Marines

Making a diference in a “Big” way

16 Aug 2007 | Ms. Heather Owens

Did you know that just “hanging out” can make a huge difference in a child’s life?

2nd Lt. Warren Watts II of the 1st Battalion, 9th Marines Regiment knows that. In fact, it’s one reason he chose to become a “big brother.”

Watts recently became a big brother through the Big Brothers Big Sisters of Southeastern North Carolina. He was matched with Nicholas Cozzens, 11, and they’ve been spending quality “hang-out” time together ever since.

“We went to the Blueberry Festival in Burgaw. That was interesting. We play board games – Risk, chess. We put puzzles together, play basketball, just basic hang-out stuff,” said Watts, adding, “It’s a program where you don’t need to devote that much time to it, and you don’t have to devote that many funds. It’s just once or twice a week for 2-3 hours. You call them, you write them. It’s just a mentoring program.”

Cozzens, who will be a sixth-grader in the fall, had very a general idea of who he was looking for to be his “Big.” He said he wanted “someone who likes to do similar things [as he does] and can hang out.” Answering his own question, Cozzens said of Watts, “And, yeah, he can do both.”

It turns out that in just “hanging out,” an adult can also be mentoring a child. In fact, mentoring children is so important that Susan Taylor, editorial director of Essence magazine and Oprah Winfrey recently made a call on The Oprah Winfrey show to recruit more than one million mentors across the United States.

“Children are really free spirits. If you don’t give [boundaries] to them, they don’t have any boundaries and they’ll just go anywhere. Children need to look at somebody who is bigger, older they can look up to and want to emulate. We all need heroes; we all need role models; children do, too,” said Watts.

Cozzens’ mom, Dana Cozzens, a former Marine and current civil servant aboard Camp Lejeune, explained why she wanted a big brother for her son. “As a single mom, and because he just has one sister, he’s got a lot of female influence in his life but he doesn’t have any male influences. So I was really looking for a positive, older role model for him and someone who would enjoy some of the same interests that he has,” she said.

Cozzens said she has seen positive changes in her son since he has been spending time with Watts. “He seems a whole lot happier. He gets real excited when he talks to his Big and when they set up to make plans to do something, he always gets really excited about it,” she said, adding, “He just seems happier overall. When he comes back from doing an activity or something with Lt. Watts, he’s always been a helpful and good kid, but he’s just in a better mood and more helpful around the home with his sister. He just overall seems to be a happier kid.”

La’Tuan Danns is director of public relations for Big Brothers Big Sisters of Southeastern North Carolina. She said there are currently about 130 active “Big/Little” matches in southeastern North Carolina. Yet there are more than 100 kids on the waiting list who have not received matches. About 75 percent of the children on the waiting list are boys.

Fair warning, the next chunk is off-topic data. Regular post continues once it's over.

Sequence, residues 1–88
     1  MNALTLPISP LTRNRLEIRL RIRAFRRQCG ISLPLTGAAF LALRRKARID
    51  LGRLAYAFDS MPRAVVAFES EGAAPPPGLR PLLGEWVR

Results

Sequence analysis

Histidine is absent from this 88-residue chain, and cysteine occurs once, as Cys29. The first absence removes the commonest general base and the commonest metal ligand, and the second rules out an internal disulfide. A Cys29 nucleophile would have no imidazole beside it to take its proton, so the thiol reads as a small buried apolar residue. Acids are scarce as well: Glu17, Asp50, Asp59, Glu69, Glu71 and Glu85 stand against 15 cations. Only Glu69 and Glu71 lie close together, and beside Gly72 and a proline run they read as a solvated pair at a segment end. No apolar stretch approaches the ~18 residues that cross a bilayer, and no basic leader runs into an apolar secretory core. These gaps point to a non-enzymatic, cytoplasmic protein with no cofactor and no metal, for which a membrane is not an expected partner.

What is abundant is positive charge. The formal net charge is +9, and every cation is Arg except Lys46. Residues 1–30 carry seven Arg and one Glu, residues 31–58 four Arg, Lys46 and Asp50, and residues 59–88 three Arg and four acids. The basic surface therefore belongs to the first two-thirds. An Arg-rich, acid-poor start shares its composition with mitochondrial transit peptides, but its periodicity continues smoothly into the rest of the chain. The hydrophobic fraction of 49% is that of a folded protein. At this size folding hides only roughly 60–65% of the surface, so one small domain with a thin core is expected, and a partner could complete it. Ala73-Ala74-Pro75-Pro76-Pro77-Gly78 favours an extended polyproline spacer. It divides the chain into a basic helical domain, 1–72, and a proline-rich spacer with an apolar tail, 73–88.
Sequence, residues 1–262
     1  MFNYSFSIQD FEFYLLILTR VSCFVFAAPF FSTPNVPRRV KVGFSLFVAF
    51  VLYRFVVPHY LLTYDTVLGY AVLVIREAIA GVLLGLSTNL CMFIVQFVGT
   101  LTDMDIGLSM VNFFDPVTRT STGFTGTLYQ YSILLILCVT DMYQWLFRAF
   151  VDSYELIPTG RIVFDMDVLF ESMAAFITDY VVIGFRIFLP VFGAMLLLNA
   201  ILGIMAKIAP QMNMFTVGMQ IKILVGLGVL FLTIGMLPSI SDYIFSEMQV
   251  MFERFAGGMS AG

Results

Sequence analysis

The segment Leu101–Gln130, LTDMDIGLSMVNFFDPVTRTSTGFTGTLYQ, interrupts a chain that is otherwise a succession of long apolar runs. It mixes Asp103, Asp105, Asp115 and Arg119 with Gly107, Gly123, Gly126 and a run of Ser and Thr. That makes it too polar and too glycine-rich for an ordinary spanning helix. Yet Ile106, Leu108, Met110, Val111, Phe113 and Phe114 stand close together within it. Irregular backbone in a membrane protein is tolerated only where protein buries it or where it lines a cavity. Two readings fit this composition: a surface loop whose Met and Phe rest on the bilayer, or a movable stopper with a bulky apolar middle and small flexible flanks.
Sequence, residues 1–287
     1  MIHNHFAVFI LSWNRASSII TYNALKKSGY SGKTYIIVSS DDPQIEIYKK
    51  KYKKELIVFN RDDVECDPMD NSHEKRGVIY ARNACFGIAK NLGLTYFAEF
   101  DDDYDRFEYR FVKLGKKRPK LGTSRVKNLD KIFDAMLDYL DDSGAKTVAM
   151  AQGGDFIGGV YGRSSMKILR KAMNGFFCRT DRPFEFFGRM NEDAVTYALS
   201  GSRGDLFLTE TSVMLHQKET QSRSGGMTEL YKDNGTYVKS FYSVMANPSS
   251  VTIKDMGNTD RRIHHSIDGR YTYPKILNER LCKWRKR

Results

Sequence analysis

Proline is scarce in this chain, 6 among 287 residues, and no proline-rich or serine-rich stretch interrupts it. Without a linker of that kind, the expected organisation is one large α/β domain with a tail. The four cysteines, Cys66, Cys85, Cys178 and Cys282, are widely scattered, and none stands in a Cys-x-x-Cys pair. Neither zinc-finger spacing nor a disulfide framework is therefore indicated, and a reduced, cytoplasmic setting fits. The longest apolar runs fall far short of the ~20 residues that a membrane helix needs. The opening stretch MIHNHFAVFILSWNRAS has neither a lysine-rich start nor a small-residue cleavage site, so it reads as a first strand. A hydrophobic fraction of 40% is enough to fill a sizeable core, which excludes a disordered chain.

Danns called the current matching process “extremely lopsided” because most of the children that currently need matches are boys and women are more likely to volunteer than men. As the program only permits same-gender matches in the main Big Brother Big Sister program, many more men are required to become mentors.

The requirements for becoming a “Big” are extremely simple. Each volunteer must be at least 18 years hold, possess a valid driver’s license and be able to commit to nine to 12 months with the program. Additionally, the candidate must be able to pass a background check to work with children.

As for Marines becoming “Bigs,” Danns said, “I feel it’s extremely important because they have so much to offer.”

Big Brothers Big Sisters of Southeastern North Carolina has started a new program this year in conjunction with Department of Defense domestic elementary schools. “Operation Big” will help the children of military families, especially those who have parents deployed, by matching them with a ‘Big.’”

Unlike the community-based Big Brothers Big Sisters program, “Operation Big” mentors will be able to be matched with an opposite-gender child. Also, couples and teams of individuals are encouraged to become “Operation Big” mentors. In this way, people can become mentors with even less of a time commitment, as one person can meet with the child one week and another person can meet with the child the next.

Watts said he is happy he became a Big Brother. He said that, in addition to being a great mentoring opportunity for kids, the program also offers positive results for the adult as well. He said having a “Little” can give a “Big” focus.

“You can’t really be a good role model if you do the things you tell the person not to do. If you’re a good-spirited person, you’ll want to be as good as you want that child to be,” said Watts. “You can’t tell him, ‘You shouldn’t curse’ and then you go off and cuss somebody out.

You can’t tell them that drinking is bad, and then you get drunk every weekend. A lot of times it’s good for the adult. It gives them the boundaries that adults need as well.”

For more information on how to become a Big Brother or Big Sister, call the Big Brothers Big Sisters of Southeastern North Carolina at 252-638-5888 or toll-free at 1-866-638-5888 or e-mail the office at inquiry@bbbs-senc.org. The organization’s local Web site is www.bbbs-senc.org.